Ensemble’s winds take center stage
Strings usually rule the day at chamber music concerts, as they do in much of musical life. So it was notable that only two string players were to be seen at Sunday’s performance by the Boston Symphony Chamber Players, and then only in the performance of Stravinsky’s “L’Histoire du soldat,’’ in the second half. The rest of the afternoon was, in large part, a showcase for the BSO’s winds, who collectively constitute one of the treasures of American orchestral playing.
The concert opened with Lowell Liebermann’s Sonata for Flute and Piano, composed for Paula Robison in 1987. Liebermann’s avowedly tonal music gets a bad rap from those whose sympathies lie unshakably with the avant-garde, but the sonata, like most of his music, is beautifully constructed and idiomatically written for both instruments. The eeriness of the opening movement — moving uncertainly between major and minor — is swept away by the perpetual motion machine of the second. It was given an expert, brightly colored performance by Elizabeth Rowe and guest pianist Jonathan Bass.
Bass remained on stage for Mozart’s Quintet for Piano and Winds, K. 452, a candidate for most neglected masterpiece in the composer’s oeuvre. Joining him were oboist John Ferrillo, clarinetist William Hudgins, bassoonist Richard Ranti, and horn player James Sommerville. They gave a meticulous, beautifully contoured performance, well balanced and alert to the music’s nuances. It was also cool and understated, and with a slightly lighter touch and a quantum of extra energy their reading might have gone from very good to extraordinary.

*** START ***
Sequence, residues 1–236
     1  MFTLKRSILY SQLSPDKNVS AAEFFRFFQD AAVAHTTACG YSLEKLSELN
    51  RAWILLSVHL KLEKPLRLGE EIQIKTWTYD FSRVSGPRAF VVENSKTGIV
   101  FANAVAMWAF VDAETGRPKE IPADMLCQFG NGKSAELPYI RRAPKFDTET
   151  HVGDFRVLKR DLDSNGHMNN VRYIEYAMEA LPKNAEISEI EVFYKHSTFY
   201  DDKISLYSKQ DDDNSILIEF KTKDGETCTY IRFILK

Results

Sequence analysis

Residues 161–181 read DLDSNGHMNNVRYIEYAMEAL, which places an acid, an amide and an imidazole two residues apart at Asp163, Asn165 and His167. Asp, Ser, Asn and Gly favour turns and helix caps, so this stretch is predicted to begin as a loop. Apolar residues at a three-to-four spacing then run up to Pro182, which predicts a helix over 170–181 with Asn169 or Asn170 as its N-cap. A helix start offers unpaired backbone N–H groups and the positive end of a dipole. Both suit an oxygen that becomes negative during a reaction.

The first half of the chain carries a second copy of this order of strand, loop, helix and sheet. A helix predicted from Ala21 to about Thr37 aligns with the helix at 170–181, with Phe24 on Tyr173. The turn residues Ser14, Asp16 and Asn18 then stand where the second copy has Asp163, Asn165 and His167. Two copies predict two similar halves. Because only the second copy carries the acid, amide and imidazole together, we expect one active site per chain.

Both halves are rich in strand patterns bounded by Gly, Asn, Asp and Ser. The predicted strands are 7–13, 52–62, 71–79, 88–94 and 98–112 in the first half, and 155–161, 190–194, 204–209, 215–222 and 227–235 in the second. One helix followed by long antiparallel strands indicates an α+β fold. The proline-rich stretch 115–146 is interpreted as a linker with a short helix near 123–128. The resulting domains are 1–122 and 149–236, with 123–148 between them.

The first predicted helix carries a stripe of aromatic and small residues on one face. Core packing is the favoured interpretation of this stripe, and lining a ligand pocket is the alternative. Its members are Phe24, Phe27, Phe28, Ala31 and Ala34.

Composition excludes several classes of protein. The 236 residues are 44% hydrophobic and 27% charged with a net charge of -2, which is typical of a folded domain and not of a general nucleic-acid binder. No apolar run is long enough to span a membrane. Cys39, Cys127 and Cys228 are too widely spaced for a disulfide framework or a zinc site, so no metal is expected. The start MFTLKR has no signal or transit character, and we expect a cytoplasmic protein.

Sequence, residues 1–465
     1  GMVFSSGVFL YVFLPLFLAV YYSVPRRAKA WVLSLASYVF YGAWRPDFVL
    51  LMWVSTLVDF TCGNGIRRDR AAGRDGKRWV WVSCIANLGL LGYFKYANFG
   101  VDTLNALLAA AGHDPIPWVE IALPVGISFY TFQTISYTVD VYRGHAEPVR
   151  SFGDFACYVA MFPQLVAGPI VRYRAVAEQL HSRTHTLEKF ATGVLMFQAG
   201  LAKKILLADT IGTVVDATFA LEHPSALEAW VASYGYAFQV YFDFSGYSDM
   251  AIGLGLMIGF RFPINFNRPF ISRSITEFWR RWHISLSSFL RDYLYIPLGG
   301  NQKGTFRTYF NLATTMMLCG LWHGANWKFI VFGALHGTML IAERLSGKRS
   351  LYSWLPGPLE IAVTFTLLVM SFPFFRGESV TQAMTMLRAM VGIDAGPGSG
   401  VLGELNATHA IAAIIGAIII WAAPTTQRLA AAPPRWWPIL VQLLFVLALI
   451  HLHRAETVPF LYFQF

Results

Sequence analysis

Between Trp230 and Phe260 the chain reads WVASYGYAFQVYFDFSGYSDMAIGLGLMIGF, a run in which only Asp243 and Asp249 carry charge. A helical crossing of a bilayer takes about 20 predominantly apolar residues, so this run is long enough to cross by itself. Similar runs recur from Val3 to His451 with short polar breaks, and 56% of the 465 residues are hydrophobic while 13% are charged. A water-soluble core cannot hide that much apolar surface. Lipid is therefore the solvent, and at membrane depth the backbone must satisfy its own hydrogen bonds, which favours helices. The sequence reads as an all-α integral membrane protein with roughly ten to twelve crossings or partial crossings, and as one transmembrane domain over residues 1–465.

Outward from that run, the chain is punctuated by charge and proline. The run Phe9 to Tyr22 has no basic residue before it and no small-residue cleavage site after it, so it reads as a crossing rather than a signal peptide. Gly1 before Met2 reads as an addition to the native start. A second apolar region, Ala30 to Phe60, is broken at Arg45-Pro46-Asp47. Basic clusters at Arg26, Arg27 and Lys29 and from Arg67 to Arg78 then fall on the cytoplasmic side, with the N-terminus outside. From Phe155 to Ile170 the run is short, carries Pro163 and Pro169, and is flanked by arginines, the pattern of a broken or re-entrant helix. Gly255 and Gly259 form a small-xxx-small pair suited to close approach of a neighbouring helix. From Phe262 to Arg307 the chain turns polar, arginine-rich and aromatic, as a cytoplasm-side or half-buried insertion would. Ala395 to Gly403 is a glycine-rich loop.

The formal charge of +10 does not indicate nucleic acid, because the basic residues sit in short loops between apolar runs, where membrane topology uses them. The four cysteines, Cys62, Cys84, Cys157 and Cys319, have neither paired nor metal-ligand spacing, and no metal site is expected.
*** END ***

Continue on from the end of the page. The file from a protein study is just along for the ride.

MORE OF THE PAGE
After intermission came the Stravinsky — a Faustian morality play about a tug of war between an Everyman soldier and the devil, set to a quasi-ragtime score that contains some of the composer’s most darkly comic, gleefully crooked music. The Chamber Players were joined by actors Jacqueline Knapp as the narrator, Michael Aronov as the soldier, and Leland Gantt as the devil. Though all were good, they would have made a stronger impression had they loosened up physically and not remained so closely tied to their music stands. Still, they did an admirable job of carrying the story line — especially Gantt, who was an irrepressible and insinuating Satan.
The musical end of things was superb. Standouts included concertmaster Malcolm Lowe, playing the all-important role of the soldier’s fiddle, trumpeter Thomas Rolfs, and percussionist Timothy Genis, whose eloquently shaded playing told much of the story in itself.
David Weininger can be reached at firstname.lastname@example.org.